Motivation Is Not the Answer

        How many times have you seen someone go to a conference, get inspired, and then come home and do nothing?

        If motivation were the answer, the world would have transformed hundreds of times over. Yet, when we look out our doors or turn on the news, we do not see a utopian society.

        We have thousands of people who become inspired but lack the work ethic to apply anything they have learned. Time and time again frustration creeps in. We are so motivated and inspired by what we see but fail to put in place the things that would change our lives.

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        Frustration happens when the gap between what you expect to be true and what is true gets bigger. Motivation tends to create an expectation that is not rooted in reality. We want to take on the world but cannot get off Netflix long enough to do so.

        Motivation is not the answer, but working hard is. Good habits and routines that produce success are the byproducts of a strong work ethic. The habits and routines we create and follow are the foundation on which we build a winning life.

        How to Work Hard by Working Smarter

        Here are 4 routines that will help you learn how to work hard and achieve your short term and long term goals.

        1. Define What a Win Looks Like

        In football, a player that crosses into the end zone gain points. In soccer, a player kicks the ball into the net to score. Hockey, lacrosse, and basketball are all the same. The player takes the object and moves it into the designated area to gain points. The team with the most points wins the game.

        Why is it that we can define what a win looks like in sports, but we fail to do so in our leadership, our businesses, or our homes?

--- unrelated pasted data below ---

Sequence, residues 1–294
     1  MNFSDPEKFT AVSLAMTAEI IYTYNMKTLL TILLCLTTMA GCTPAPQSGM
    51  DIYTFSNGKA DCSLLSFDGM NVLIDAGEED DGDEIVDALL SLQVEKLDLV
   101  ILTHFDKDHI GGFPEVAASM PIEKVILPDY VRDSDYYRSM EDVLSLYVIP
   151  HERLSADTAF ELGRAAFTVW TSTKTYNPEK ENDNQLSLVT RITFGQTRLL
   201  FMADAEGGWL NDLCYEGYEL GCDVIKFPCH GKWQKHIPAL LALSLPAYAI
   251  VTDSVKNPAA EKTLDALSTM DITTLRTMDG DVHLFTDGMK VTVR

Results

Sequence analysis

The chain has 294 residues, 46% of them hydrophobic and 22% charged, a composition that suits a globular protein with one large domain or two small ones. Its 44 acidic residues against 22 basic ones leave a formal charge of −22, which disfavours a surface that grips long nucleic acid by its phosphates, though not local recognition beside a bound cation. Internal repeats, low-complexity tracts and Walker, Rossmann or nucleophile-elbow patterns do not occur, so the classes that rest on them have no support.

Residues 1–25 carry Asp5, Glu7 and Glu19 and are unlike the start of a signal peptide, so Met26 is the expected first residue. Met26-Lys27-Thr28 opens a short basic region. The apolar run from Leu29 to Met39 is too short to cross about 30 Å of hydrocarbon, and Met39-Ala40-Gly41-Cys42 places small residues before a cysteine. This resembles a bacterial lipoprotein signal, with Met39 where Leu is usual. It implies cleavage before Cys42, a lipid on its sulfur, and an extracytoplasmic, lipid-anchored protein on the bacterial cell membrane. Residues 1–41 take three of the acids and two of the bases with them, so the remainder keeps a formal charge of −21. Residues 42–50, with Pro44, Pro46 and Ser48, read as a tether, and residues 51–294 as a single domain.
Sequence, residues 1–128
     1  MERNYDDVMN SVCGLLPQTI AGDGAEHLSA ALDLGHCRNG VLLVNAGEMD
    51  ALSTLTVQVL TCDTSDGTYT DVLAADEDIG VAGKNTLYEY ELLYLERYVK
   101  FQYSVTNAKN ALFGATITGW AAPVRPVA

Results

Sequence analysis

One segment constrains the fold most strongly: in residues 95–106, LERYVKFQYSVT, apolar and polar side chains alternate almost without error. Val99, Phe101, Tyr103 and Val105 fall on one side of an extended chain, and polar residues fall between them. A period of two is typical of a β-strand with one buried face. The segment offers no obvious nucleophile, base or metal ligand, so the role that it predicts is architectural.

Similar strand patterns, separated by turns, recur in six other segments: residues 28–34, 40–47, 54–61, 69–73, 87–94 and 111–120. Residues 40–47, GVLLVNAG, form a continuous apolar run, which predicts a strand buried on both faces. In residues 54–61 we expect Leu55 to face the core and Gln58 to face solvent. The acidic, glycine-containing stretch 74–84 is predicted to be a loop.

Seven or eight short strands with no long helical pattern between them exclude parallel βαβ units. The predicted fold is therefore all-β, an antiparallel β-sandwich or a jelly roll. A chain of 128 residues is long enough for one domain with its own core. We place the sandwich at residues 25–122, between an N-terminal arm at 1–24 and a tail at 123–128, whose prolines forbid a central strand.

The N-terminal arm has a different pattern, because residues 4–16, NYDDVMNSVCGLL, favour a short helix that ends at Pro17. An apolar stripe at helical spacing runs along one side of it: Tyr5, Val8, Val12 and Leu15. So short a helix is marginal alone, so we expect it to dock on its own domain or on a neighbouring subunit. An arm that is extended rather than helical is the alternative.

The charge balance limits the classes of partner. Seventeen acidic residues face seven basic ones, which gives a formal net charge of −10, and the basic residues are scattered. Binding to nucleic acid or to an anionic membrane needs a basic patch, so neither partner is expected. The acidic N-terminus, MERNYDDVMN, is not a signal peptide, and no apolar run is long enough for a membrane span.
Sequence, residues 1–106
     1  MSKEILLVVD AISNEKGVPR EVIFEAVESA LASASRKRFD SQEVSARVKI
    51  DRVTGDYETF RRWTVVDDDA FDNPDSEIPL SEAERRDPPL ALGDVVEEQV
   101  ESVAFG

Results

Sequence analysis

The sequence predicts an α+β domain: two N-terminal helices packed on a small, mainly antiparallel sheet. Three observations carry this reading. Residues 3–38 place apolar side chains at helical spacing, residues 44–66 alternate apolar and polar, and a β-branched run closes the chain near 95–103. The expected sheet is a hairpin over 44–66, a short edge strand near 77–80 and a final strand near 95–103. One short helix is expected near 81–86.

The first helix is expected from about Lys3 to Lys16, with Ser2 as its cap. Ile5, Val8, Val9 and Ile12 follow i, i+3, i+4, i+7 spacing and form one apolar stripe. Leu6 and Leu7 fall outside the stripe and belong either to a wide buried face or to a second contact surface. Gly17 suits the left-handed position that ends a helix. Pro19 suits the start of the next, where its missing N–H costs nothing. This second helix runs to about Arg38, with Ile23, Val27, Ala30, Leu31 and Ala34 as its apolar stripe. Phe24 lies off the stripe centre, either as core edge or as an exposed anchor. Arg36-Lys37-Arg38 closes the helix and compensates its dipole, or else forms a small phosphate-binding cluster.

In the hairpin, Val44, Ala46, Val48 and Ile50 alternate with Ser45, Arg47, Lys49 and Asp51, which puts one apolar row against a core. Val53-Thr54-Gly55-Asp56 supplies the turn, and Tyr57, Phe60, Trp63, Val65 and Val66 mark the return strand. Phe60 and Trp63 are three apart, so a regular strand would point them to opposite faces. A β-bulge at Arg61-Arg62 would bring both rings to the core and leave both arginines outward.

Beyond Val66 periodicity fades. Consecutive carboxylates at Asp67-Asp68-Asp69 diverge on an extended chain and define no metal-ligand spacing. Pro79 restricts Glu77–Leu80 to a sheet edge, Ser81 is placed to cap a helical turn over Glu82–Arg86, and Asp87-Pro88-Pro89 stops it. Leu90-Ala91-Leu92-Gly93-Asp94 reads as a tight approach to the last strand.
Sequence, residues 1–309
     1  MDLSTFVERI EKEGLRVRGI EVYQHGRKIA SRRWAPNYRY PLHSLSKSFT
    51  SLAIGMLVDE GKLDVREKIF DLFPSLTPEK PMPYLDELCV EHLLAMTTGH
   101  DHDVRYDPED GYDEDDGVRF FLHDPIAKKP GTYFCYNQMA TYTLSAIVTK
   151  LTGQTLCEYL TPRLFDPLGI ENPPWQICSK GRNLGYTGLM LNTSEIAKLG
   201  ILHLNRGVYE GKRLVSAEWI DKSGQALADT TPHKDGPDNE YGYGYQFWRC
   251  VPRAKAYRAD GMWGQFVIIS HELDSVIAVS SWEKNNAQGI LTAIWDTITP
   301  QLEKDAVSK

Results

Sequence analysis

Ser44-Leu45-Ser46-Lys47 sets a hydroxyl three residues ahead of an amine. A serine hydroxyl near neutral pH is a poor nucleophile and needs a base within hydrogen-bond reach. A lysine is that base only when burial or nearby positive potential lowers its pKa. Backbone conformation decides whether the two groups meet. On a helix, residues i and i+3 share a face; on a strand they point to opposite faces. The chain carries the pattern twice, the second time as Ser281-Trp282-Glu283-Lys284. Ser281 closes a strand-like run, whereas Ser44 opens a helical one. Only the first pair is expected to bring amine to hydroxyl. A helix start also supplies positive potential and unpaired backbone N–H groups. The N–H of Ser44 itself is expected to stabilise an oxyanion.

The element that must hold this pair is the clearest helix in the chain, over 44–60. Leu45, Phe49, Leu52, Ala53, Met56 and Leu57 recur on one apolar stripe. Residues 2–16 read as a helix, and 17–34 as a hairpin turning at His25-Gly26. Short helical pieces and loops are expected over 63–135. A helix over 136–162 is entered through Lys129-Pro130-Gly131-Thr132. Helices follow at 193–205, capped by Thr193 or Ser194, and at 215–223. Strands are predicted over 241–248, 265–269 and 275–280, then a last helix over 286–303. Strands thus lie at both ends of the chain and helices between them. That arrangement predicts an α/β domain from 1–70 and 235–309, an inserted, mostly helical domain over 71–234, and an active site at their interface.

Learning how to work hard without setting a target is futile. It is insanity to work hard without having a clear direction to place your energy. I would argue that defining a win is one of the most important routines that a leader can have. Defining a win separates superficial activity from meaningful activity.

        When I define a win, I know the goal line I have to cross[1]. Knowing where the goal line is informs me of the activity I have to engage in to cross it. Without a clear direction, I am spinning my wheels hoping that I will get to a destination I haven’t defined. It is like asking a GPS for directions but failing to input the destination.

        4 Steps to Define a Win
        • Know the outcome you desire.
        • Declare the outcome in specific, meaningful terms.
        • Write the outcome down.
        • Set your activity list to only do that which will complete your goals.

        Let me give you an example. 15 years ago, I started speaking professionally. As a young and naïve speaker, I thought winning meant that I had to get a reaction from the audience. If they cheered, smiled, or cried, I considered myself a winner. The problem was my lack of understanding of what a win looked like. As a seasoned speaker, my wins look different.

        As of today, when I speak, I am not looking for any emotional reactions from the audience. I win if, and only if, I clearly communicated my point so that anyone hearing the talk can take it and apply it to their lives that day. That is how I define a win when I speak now.

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        Create a habit of declaring a win. When you do, you will see your productivity soar and your encouragement increase. Pairing a hard work ethic with wise decisions creates victory. Stop being a mouse on a wheel that goes nowhere, and start being the captain of your fleet.

        2. Evaluate Your Activity

        Not all activity is equal. There are things you must do, things you need to do, and things we can either give away or delete. The greatest challenge of a leader is understanding the difference. Understanding what activity is busywork and what activity is mission work is pivotal.

        Not only do we need to learn how to evaluate our activity, but we must make this a core routine in our arsenal of success. Stop working so hard on everything and start learning how to work hard on the right things.

        Not every activity will move the needle forward for you. In fact, you were never meant to do everything yourself! Once we stop trying to be a martyr in our leadership, we can start looking at how to take things off our plates through delegation.